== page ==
Michael Leahy, James Taylor and their indigenous crews searched for gold in the New Guinea Highlands during the 1930's. They found perhaps a million previously unknown people of some 5,000 different tribes speaking 2,000 different languages - each tribe isolated by mutually enforced strict boundaries. When Leahy first entered the Highlands in 1930 he took a camera but rarely used it. By 1933 he saw himself as not only a gold prospector and entrepreneur but an explorer with an unparalleled opportunity to document a unique event. In 1980 the authors found some 5,000 professional quality 35mm photos and several hours of 16mm videos. This resulted in a TV documentary and this book which presents dozens of the more spectacular photos.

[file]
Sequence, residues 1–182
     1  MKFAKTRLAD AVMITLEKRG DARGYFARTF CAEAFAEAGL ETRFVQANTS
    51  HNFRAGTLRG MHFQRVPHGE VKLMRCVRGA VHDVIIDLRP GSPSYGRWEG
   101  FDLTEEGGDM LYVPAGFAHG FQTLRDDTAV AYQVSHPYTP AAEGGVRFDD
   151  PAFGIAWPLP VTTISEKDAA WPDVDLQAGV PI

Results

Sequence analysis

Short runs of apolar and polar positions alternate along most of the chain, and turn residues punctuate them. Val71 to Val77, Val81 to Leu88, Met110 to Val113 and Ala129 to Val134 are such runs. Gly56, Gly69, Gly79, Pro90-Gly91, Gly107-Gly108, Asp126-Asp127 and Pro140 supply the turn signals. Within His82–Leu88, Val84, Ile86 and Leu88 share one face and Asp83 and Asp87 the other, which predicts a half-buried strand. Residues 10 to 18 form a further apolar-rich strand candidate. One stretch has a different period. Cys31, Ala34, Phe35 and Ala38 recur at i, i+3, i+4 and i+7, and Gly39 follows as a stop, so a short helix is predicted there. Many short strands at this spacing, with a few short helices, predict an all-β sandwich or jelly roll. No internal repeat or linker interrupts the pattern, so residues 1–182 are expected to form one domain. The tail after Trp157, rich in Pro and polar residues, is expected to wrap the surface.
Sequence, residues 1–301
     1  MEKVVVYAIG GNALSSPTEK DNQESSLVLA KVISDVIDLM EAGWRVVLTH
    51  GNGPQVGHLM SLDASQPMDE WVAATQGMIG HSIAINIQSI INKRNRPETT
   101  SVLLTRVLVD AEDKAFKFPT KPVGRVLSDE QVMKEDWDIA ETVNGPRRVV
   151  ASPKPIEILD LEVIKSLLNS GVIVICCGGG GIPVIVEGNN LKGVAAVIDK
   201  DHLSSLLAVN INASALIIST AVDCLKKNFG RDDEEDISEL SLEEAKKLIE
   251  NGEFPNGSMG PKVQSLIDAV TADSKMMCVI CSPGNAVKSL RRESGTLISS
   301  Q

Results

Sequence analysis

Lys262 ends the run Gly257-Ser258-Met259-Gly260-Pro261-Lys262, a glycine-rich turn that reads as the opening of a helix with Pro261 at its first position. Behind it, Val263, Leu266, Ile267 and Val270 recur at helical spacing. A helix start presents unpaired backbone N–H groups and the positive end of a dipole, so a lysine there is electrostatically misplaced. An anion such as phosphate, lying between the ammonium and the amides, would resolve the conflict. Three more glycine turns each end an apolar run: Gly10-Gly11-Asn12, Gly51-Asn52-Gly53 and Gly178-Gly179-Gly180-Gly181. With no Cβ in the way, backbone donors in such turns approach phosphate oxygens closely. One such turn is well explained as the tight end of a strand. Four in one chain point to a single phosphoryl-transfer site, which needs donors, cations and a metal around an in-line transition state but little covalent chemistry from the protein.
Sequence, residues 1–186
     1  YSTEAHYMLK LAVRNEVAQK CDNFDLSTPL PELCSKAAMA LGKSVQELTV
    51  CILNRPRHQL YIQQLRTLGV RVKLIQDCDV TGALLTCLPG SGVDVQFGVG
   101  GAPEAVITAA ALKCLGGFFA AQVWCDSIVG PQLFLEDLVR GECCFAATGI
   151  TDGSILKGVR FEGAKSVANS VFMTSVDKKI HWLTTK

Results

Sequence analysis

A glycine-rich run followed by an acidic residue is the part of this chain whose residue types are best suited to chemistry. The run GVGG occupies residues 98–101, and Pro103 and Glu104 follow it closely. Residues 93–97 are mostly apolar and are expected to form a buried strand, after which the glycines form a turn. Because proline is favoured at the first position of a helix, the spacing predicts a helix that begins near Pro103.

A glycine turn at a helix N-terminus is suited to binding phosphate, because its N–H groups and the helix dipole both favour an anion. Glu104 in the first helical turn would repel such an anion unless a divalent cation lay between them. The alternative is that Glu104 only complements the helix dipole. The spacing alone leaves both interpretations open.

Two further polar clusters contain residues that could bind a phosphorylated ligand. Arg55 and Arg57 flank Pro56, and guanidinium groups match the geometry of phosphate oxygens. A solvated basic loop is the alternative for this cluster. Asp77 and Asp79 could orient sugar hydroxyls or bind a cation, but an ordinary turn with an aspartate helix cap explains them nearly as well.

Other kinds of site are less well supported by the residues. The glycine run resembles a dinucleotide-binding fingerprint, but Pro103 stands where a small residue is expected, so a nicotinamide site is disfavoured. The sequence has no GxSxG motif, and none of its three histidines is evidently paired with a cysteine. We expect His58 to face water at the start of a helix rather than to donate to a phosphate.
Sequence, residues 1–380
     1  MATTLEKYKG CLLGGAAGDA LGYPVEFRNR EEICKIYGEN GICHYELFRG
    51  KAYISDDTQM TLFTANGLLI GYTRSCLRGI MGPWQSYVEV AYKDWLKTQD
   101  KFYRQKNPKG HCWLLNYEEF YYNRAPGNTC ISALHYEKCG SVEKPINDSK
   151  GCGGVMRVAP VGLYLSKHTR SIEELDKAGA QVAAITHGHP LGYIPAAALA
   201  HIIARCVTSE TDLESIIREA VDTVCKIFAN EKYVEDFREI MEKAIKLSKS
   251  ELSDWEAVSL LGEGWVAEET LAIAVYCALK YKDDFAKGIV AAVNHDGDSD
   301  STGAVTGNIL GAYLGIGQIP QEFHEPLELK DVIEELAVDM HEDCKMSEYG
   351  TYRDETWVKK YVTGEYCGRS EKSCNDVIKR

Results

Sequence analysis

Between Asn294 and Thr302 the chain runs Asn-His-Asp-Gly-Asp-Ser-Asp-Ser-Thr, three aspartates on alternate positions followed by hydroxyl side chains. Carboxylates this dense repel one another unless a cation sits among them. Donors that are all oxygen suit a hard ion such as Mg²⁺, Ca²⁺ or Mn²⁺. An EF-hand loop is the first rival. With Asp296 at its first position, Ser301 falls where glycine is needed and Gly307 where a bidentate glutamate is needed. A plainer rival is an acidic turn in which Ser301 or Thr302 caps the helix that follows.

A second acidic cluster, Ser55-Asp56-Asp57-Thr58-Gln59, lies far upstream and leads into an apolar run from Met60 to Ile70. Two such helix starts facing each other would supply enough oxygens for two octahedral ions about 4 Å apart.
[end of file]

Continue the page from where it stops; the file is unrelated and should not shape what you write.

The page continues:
The exhilaration of first contact between modern explorers and people from primitive culture is re-enacted repeatedly as Leahy and Taylor travel with the impunity that the tribal folks cannot - the security of their guns always available. They admit to causing some 40-50 unavoidable native fatalities when things got out of hand.
Authors Connolly and Anderson interviewed not only the explorers, but many of the New Guineans who remembered the first contacts. It was easier than you might think. All they had to do was retrace the paths of Leahy and Taylor, well-documented in their journals and photos. When kids invariably welcomed them to a village, usually similarly named from 50 years before, they just asked to speak to the old people.
Captivating photos document the emotions of the "discovered" on every third or fourth page of this remarkable memoir. Definitely worth reading.